Inventor Ludlow Will First Try It
with a Bag of Sand


Got Tips on How to Fly and How to Fall
by Watching Carrier and Tumbler Pigeons.

Isaac Ludlow, who has four flying machines in the yard adjoining the carpenter shop of A. S. Littlejohn, 300 West End Avenue, means to make an attempt this afternoon at 4 o'clock to navigate the air. He says he will start one of the machines from the foot of West Seventy-ninth Street and the North River.

But Ludlow will not go up in the machine himself. He is not yet sure of his apparatus, and will send up a bag of sand with it before he tries a flight in it himself. There is no balloon attachment, the apparatus relying on its wings for bouyancy.

Mr. Ludlow has a larger machine of similar design. This is to be propelled by twin shafts of steel to which are attached twin screws of bamboo and canvas. It is steered by a bamboo and canvas rudder. Mr Ludlow has been making many changes in his fliers that have been suggested through watching the flight of a flock of carrier pigeons in a barn near his workshop.

Mr. Ludlow has spent many hours watching these birds, gaining many suggestions as to the best way of navigating the air. The bird of particular interest to him is a jet black one, which is raising her young in the tall belfry of the First Baptist Church, a block away. The efforts of the mother bird to teach her young to fly and her races with sparrows which annoy her little ones have been the means of teaching the inventor some of the secrets of aerial navigation.

An assistant, who has helped in the work on the flying machines, said that the alteration made after watching the flight of the birds was chiefly in the angle of the wings. The birds were watched with closest attention, the exact angle of their wings when soaring being observed and imitated in the machine. Another important change was made in the rudder, tilting it down a little as the pigeon does his tail feathers.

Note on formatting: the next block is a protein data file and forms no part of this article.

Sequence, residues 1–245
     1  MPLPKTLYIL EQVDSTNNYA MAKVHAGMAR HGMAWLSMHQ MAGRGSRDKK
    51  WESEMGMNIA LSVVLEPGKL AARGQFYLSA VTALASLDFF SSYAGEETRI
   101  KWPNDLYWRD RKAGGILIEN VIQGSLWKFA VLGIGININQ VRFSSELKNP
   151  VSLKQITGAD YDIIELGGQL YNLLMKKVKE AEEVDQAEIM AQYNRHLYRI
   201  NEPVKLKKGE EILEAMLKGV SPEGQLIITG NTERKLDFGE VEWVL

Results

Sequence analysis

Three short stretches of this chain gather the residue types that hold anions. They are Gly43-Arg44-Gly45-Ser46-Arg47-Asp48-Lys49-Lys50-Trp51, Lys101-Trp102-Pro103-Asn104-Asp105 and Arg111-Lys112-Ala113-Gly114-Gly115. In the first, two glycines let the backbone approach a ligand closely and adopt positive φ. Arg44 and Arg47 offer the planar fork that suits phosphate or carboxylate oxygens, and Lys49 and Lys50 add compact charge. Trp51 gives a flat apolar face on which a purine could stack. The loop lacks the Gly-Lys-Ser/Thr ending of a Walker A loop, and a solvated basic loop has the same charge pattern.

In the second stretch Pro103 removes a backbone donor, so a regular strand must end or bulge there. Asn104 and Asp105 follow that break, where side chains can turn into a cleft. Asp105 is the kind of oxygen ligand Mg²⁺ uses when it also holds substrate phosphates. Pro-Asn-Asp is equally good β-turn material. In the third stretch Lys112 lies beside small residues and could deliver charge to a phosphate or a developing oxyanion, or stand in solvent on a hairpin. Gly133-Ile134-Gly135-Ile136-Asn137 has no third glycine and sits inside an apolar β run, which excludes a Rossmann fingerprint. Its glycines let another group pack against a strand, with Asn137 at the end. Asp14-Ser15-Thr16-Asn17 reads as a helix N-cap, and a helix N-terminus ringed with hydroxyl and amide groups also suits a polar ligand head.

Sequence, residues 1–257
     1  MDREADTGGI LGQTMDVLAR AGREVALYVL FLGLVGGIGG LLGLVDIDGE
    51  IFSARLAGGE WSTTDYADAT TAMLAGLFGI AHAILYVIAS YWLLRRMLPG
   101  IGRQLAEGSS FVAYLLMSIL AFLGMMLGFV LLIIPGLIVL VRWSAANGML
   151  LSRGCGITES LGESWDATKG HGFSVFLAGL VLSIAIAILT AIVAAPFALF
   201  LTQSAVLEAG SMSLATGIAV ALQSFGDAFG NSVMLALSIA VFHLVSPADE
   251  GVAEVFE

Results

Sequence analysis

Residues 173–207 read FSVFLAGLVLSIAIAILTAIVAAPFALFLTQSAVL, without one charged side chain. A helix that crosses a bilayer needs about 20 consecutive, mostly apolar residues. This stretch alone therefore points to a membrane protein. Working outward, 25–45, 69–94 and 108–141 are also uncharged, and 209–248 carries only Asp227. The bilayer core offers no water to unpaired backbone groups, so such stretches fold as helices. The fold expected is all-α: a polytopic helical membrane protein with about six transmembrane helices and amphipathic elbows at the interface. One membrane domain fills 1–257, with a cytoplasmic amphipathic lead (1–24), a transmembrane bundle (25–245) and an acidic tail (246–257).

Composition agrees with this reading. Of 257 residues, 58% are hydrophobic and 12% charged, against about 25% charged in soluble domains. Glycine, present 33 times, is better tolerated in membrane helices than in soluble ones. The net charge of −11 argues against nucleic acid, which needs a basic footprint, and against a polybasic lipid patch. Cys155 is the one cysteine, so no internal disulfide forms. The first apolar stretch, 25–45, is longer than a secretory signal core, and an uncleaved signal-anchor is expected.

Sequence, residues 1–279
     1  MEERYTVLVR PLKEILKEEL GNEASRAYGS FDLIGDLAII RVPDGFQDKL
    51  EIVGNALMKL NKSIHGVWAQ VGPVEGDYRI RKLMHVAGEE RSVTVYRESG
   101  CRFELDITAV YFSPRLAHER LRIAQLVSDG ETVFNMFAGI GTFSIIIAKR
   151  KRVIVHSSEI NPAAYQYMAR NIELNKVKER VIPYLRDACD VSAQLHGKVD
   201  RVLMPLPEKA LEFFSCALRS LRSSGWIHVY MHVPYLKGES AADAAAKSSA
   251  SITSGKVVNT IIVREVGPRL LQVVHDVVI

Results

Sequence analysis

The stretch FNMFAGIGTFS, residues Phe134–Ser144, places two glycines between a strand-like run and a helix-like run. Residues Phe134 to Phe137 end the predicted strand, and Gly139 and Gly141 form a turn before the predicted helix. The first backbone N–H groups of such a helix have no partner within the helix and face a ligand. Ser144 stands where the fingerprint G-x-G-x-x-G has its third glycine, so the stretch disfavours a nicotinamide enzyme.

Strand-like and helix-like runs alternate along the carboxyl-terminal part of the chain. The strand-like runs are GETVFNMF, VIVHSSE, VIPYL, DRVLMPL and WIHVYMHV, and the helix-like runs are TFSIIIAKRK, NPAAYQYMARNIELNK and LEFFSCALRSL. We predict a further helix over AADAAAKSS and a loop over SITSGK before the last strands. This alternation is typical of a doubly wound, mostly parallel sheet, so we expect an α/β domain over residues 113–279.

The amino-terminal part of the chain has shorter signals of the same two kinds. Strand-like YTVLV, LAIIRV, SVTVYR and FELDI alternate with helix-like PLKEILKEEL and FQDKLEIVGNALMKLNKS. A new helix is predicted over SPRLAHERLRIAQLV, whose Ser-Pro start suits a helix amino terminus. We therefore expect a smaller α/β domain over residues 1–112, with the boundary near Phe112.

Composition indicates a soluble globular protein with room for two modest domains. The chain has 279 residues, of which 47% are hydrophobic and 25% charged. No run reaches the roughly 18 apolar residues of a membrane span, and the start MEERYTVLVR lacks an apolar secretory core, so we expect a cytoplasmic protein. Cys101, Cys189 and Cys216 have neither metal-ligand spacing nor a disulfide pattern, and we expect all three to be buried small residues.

Two of the pigeons are tumblers, and now and then make dizzy dives, righting themselves in midair. This performance is of the greatest interest to Ludlow. In the event of trouble it might save his neck or lessen the force of his fall.

The other day one of the boys in the neighborhood broke the wing of one of the pigeons flying quite a distance from the ground. The way it managed to alight without injury gave food for serious reflection on the part of Mr. Ludlow, but he is not so anxious to learn how to fall as how to fly, and if the small machine sails with the bag of sand, he may try the larger one himself.

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Reprinted from The New York Times July 24, 1905. Article rescued from oblivion by Tyler Simpson. Manual conversion by GB. Ludlow's first name, Israel, was mis-spelled in this article.